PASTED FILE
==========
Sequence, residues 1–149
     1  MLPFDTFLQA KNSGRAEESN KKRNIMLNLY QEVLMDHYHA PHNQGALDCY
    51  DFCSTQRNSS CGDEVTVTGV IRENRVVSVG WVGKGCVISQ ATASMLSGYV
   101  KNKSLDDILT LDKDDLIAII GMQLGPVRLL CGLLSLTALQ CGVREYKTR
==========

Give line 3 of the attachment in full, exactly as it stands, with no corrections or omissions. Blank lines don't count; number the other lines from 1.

    51  DFCSTQRNSS CGDEVTVTGV IRENRVVSVG WVGKGCVISQ ATASMLSGYV